Engagement Philosophy: The value of an alumnus
Recently we held one of our monthly Engagement Roundtable’s at Tassl and this particular edition focused on “hot topics” in alumni engagement. It was one of the more spirited events that we’ve held, and many alumni professionals from around the country were active in the conversation. At one point the justification of metrics came up and CASE taskforce on this issue. One thing is abundantly clear, a lot of people have not seen the January whitepaper released from the taskforce.
Regardless of the whitepaper release, there are still plenty of things up in the air. On a daily basis I’m asked, “what should we be tracking?” but I’m not nearly asked often enough “why are we tracking this?”.
I’d like to keep the conversation going and broach some of the subjects that came up. This isn’t geared to develop any sort of consensus, but hopefully a deeper industry discussion on where we’re going. I’m 100% that some of my philosophies and thoughts are flawed, so I’d welcome others thoughts and challenges.
**Here are the upcoming topics: **
Part 1: The value of an alumnus: Is our goal giving or activating?
Part 2: The Engagement Pipeline/Funnel/Pyramid
Part 3: Alumni Personas and the options we provide
Part 4: What does industry standardization look like in alumni relations?
Part 5: What should a modern alumni engagement office look like?
Part 6: Outside challenges and why are we still behind with technology?
Part 1: Is our goal giving or activating?
One question that popped up in our recent Engagement Roundtable was about the value of an individual alumni. How do you place value on one's engagement versus their financial giving? Is an immensely engaged alumnus and active volunteer “worth” the same as a major donor?
It’s nearly an impossible question to answer. If we’re placing a monetary value on all of our alumni, it’s easy for me to make a case for either the major donor or your superhero volunteer. It’s hard to match an immense seven-figure gift, but I could also point to volunteers working in both admissions and advancement who generate monetary value. The meaningful one-to-one relationships these volunteers create can result in influxes in net tuition revenue and fundraising.
Sure, we can quantify the individual results of these volunteers if they are carrying some sort of portfolio, but is it wise to put a dollar value on every, single alumni and judge them as that value? I would hazard to guess that that notion would make most of us squirm.
The question we should be asking is as alumni relations professionals should our goal be a focus on activating and engaging alumni or is it purely giving? Alumni offices come in all shapes and sizes. Some are directly connected with advancement, others are a standalone office, while there is also a trend of merging with Career Services. This certainly shifts and shapes our goals at each institution but as an industry of just alumni relations professionals what should our goals be?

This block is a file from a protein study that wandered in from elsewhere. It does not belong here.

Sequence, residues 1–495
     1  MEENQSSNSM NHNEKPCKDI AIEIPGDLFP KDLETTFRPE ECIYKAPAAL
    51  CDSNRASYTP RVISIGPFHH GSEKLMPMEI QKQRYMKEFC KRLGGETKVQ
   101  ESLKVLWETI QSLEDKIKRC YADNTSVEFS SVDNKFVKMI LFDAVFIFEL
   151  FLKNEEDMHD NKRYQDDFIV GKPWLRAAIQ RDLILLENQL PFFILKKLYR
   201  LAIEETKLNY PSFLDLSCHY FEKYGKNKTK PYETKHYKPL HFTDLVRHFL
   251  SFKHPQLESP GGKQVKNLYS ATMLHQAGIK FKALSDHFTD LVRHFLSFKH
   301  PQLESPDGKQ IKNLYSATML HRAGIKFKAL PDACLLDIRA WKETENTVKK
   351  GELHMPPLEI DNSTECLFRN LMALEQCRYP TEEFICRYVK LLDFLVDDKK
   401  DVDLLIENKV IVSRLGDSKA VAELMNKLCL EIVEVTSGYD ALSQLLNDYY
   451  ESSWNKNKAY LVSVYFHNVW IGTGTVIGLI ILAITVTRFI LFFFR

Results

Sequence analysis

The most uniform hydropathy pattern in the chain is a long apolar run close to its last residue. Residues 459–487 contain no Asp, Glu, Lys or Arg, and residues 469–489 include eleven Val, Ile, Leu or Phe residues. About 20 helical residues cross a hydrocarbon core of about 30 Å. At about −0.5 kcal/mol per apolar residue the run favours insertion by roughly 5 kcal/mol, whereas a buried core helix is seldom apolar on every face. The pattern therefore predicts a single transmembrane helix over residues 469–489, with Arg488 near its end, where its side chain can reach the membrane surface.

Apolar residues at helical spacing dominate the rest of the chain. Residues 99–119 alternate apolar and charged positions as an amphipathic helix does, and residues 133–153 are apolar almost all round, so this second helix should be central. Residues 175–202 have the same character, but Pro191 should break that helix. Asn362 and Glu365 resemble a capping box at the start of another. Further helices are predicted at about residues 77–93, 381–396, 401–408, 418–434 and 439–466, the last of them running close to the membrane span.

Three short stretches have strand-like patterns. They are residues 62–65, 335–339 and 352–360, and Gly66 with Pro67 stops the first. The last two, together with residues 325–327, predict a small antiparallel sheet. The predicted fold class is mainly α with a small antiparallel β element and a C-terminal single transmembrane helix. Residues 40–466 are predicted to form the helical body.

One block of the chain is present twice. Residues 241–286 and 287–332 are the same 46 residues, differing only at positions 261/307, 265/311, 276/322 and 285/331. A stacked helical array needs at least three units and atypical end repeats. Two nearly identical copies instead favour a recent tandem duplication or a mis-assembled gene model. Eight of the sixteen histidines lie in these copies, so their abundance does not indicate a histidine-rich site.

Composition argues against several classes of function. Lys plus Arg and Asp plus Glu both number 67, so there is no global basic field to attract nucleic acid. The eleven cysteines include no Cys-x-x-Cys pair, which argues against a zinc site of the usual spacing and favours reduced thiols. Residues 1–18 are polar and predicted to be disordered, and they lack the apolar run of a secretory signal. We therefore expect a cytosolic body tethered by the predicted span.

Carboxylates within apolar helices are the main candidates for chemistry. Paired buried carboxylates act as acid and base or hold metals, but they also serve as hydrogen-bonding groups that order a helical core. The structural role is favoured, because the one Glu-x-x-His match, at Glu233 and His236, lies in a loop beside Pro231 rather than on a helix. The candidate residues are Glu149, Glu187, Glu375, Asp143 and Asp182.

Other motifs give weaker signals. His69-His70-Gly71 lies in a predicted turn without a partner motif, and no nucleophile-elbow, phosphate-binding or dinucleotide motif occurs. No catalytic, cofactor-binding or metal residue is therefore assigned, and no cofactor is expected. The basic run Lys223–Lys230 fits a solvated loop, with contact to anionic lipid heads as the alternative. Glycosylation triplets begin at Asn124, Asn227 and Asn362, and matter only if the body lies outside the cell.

At Tassl we recently performed a whitepaper with engagement professionals from across the country. We asked the professionals how strongly they agreed or disagreed with the following statement: “The more engaged an alumnus is, the more likely they are to give.” Overwhelmingly, 98% of our participants responded that they agree or strongly agree with the statement. My core philosophy has always been that increased engagement results in increased giving, and it’s pretty clear I’m not alone. So why do we keep ignoring it and sometimes chase dollars before meaningful engagement? It’s something that has already set the advancement industry behind in these current times, and now we’re just compounding it more and more.
There is still an accessible data study out there (that I would love to be a part of). No one has tapped into enough data yet to say increasing your alumni engagement index by X increases your alumni giving rate by Y on average. We need to first standardize metrics for an alumni engagement index, and next collaborate to prove engagement increases giving. The philosophy is widely accepted but for some reason isn’t self-evident yet. So could finally the practice of standardizing metrics (we’re far from it, more in another part of this series) and showing the correlation flip the way we look at the industry? If not, what’s holding us back from focusing on engagement in the future? Are we stuck with legacy programs or out-dated goals and visions?
I recently presented at a CASE conference about, what I refer to as, “Return on Engagement.” During the discussion, someone asked should they be tracking giving as part of an alumni engagement score. I got to sit back and enjoy William & Mary’s Kelly Holdcraft respond that it depends what your goal is and where the ending point of your pyramid/funnel is. She couldn’t be more right about that, if your office is focused on giving, then that should be the top of the pyramid, and that should factor into your score.
That’s not what “alumni relations” should be about though. The tip of the pyramid or end of the funnel should be an activated/engaged alumni. We can influence our alumni’s willingness to give, but we can’t influence their ability to give. If someone demonstrates they have the ability to give, then that's a whole different pyramid/funnel for our friends in advancement to cultivate.
If we want resources to enhance alumni engagement, then we have to fight for “Return on Engagement.” There is no doubt the impact a major donor can have on a university and advancement professionals certainly deserve a ton of credit, but an engaged, lively alumni base will provide event more value in the long run for your institution.